With various airlines and cruise operators facing lawsuits over receiving kickbacks from the sales of travel cancellation insurance, one company is off the hook thanks to the fine print in its contracts.
A federal judge in Miami dismissed a class-action suit filed by two Royal Caribbean passengers who claimed the cruise line violated state law by failing to disclose that it had received inducements from helping sell travel insurance whenever Royal Caribbean sells cruise tickets online.
US District Judge Ursula Ungar dismissed the claims on grounds that the fine print in the passengers’ tickets contracts prevents them from filing a suit, South Florida Sun Sentinel reported.
In similar other lawsuits lodged against other cruise companies, as well as airline companies such as Delta and JetBlue, plaintiffs argued that the travel companies misled them by claiming they only collect the purchase price of travel insurance on behalf of the insurers providing the coverage. Instead, the companies were earning kickbacks that inflated travel insurance costs, plaintiffs maintained.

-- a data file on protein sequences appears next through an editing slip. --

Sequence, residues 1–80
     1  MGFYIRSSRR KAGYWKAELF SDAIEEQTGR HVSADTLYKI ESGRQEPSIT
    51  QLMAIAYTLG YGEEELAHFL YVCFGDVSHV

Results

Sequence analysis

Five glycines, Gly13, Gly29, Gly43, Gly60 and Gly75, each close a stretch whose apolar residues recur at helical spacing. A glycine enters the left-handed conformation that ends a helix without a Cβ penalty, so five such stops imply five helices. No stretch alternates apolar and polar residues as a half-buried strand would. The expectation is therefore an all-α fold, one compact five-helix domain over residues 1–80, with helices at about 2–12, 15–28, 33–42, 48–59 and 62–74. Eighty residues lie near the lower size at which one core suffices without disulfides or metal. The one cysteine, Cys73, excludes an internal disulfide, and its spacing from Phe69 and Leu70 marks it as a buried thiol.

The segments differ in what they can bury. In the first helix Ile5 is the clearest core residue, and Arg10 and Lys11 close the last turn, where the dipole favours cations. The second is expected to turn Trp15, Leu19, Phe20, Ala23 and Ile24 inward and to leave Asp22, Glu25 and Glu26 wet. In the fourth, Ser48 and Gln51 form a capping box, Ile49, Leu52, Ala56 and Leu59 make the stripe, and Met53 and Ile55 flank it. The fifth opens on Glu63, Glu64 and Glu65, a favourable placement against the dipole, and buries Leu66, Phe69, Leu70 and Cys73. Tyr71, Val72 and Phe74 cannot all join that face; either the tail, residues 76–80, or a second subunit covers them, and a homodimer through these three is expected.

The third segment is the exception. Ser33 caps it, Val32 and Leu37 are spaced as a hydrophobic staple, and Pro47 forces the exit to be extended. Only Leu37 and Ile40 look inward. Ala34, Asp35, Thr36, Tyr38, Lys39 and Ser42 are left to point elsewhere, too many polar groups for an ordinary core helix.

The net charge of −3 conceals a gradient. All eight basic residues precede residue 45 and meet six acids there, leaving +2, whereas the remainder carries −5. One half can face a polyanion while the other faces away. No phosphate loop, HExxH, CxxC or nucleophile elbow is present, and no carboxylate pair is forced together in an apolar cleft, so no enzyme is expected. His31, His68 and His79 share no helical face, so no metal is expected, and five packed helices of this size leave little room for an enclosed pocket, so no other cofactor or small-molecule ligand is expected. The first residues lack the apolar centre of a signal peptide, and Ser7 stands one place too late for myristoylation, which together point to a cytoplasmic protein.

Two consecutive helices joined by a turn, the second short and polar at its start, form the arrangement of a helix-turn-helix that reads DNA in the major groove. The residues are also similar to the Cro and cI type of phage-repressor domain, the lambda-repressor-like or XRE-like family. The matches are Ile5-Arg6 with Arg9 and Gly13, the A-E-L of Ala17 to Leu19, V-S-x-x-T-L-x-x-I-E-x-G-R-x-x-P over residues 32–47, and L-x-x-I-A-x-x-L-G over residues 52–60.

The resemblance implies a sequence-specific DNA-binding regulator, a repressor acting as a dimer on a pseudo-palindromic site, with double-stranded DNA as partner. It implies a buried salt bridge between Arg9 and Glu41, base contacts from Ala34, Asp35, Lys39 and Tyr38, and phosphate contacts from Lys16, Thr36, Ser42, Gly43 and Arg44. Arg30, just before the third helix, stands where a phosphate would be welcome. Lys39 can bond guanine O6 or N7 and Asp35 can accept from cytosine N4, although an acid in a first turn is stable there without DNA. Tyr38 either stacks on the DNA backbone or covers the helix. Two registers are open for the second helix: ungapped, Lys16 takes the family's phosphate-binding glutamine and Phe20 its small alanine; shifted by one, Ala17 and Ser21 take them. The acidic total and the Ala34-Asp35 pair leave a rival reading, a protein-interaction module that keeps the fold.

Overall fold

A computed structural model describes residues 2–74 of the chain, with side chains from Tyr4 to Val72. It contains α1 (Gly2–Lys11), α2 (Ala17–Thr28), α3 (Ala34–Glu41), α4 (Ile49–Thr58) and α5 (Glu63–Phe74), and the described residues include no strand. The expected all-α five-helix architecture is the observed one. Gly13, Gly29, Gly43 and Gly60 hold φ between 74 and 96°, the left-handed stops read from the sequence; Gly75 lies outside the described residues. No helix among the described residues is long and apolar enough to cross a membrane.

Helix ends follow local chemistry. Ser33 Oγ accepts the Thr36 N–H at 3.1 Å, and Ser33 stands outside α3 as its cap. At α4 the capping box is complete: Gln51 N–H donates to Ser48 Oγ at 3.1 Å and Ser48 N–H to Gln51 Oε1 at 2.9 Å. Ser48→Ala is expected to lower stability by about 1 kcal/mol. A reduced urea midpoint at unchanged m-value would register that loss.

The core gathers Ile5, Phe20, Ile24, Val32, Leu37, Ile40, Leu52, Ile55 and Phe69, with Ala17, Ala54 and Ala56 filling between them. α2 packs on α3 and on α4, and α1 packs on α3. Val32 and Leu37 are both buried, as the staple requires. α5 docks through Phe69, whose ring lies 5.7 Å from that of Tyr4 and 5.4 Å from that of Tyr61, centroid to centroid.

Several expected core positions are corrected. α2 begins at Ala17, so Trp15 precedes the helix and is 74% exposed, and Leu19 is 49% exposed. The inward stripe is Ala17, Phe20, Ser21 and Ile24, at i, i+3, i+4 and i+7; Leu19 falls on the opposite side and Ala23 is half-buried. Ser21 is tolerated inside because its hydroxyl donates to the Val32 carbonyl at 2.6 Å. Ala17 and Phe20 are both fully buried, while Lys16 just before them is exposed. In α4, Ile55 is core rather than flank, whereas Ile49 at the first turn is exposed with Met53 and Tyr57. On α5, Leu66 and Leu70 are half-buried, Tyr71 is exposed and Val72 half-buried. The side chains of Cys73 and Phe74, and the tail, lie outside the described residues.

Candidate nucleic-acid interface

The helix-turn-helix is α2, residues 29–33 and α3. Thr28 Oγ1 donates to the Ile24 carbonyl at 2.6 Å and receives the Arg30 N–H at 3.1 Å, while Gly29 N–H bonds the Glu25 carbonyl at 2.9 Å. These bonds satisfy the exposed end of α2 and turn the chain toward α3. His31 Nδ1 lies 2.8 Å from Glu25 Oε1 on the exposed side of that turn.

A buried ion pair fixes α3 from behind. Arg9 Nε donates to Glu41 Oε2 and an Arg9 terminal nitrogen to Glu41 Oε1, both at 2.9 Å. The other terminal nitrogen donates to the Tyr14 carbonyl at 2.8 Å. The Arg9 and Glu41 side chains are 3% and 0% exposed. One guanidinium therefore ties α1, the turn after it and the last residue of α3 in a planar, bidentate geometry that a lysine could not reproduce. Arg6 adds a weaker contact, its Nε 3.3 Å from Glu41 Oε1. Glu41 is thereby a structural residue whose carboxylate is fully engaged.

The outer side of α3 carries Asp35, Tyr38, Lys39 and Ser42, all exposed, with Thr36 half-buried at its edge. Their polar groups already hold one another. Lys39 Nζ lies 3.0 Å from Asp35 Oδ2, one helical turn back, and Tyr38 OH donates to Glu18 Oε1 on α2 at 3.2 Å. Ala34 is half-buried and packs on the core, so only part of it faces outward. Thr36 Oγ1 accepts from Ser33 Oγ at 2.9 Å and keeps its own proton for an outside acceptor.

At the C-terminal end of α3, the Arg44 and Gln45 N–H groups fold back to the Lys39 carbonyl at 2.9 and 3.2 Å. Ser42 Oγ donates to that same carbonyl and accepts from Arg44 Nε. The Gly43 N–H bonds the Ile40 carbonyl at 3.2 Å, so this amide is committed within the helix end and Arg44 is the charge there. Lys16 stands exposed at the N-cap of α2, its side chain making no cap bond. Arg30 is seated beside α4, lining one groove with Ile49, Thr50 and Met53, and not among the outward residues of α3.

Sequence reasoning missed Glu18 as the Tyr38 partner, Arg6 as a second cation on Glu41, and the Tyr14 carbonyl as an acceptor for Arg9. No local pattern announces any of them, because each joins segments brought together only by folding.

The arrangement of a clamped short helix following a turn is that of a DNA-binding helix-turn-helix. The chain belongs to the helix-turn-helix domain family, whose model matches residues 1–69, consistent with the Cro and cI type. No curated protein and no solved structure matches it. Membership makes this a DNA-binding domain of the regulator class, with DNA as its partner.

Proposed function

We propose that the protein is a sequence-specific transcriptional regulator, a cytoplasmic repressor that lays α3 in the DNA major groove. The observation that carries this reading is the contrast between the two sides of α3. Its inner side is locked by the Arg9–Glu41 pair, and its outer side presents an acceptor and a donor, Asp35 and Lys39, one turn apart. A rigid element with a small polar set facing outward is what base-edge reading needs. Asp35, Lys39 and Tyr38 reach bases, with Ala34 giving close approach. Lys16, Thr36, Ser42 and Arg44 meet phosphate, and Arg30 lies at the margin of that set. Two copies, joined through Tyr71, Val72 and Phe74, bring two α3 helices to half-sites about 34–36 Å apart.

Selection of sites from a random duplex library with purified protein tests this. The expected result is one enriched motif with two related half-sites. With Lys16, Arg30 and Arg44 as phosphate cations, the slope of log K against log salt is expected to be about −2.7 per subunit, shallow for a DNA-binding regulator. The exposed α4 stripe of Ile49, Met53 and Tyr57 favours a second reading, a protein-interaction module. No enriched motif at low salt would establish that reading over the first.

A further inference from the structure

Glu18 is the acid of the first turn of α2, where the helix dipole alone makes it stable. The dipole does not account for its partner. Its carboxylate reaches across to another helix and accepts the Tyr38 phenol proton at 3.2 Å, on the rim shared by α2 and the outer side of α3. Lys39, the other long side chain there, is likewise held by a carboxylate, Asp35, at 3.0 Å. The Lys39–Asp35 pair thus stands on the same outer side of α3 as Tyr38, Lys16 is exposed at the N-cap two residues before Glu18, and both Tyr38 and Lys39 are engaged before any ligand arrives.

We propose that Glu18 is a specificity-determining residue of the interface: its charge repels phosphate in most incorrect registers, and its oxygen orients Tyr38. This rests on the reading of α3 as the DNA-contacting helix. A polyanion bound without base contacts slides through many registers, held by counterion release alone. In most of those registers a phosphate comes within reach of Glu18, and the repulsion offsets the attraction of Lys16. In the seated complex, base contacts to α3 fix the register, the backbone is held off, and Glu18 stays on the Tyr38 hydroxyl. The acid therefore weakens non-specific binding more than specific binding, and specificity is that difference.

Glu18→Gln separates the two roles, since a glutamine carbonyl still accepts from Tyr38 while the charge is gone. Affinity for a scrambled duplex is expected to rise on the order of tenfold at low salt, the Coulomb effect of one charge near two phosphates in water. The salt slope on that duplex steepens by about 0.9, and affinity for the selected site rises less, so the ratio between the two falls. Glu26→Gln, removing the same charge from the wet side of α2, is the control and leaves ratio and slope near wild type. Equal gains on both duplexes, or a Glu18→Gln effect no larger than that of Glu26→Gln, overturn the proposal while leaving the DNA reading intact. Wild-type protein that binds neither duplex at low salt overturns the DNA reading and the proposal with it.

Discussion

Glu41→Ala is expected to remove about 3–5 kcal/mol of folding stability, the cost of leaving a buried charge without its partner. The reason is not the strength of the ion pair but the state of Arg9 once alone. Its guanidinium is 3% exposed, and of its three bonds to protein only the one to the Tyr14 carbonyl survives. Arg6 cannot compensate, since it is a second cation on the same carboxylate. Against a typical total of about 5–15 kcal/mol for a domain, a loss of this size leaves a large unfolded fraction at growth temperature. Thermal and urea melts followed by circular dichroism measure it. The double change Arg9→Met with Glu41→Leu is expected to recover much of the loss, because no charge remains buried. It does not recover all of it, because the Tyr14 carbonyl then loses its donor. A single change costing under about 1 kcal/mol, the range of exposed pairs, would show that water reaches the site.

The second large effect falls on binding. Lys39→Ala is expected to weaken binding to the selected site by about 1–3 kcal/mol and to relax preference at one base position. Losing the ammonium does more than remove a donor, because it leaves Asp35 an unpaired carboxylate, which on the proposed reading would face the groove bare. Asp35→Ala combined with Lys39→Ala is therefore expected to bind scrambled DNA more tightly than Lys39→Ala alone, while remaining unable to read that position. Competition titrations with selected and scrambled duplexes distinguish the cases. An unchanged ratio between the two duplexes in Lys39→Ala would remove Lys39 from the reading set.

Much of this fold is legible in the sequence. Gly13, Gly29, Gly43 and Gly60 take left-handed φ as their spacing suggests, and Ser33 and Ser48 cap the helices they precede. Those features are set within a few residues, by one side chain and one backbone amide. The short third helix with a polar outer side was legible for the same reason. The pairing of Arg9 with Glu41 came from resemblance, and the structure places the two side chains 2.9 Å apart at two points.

The claims against Royal Caribbean were dropped, however. Ungar agreed with the cruise line’s contention that that by agreeing to restrictions in their ticket contracts, the two passengers waived their right to bring a class-action suit, or to file a similar claim.
The plaintiffs had argued that the restrictions in their ticket contracts did not apply to their claim. They maintained that the ticket contracts specified that the restrictions apply to “the Carrier’s Royal Caribbean Travel Protection Program,” but it was Arch Insurance, not Royal Caribbean that issued the coverage.
Ungar, however, ruled that the term “Carrier” in the ticket contracts also extends to Royal Caribbean, since the cruise line essentially served as the insurance agent that sold the policy.
“The plain and common sense construction of [the language] is that it seeks to make clear that the terms of the ticket contract extend to all of the products that Royal Caribbean considers to be part of its Travel Protection Program,” the judge’s order stated.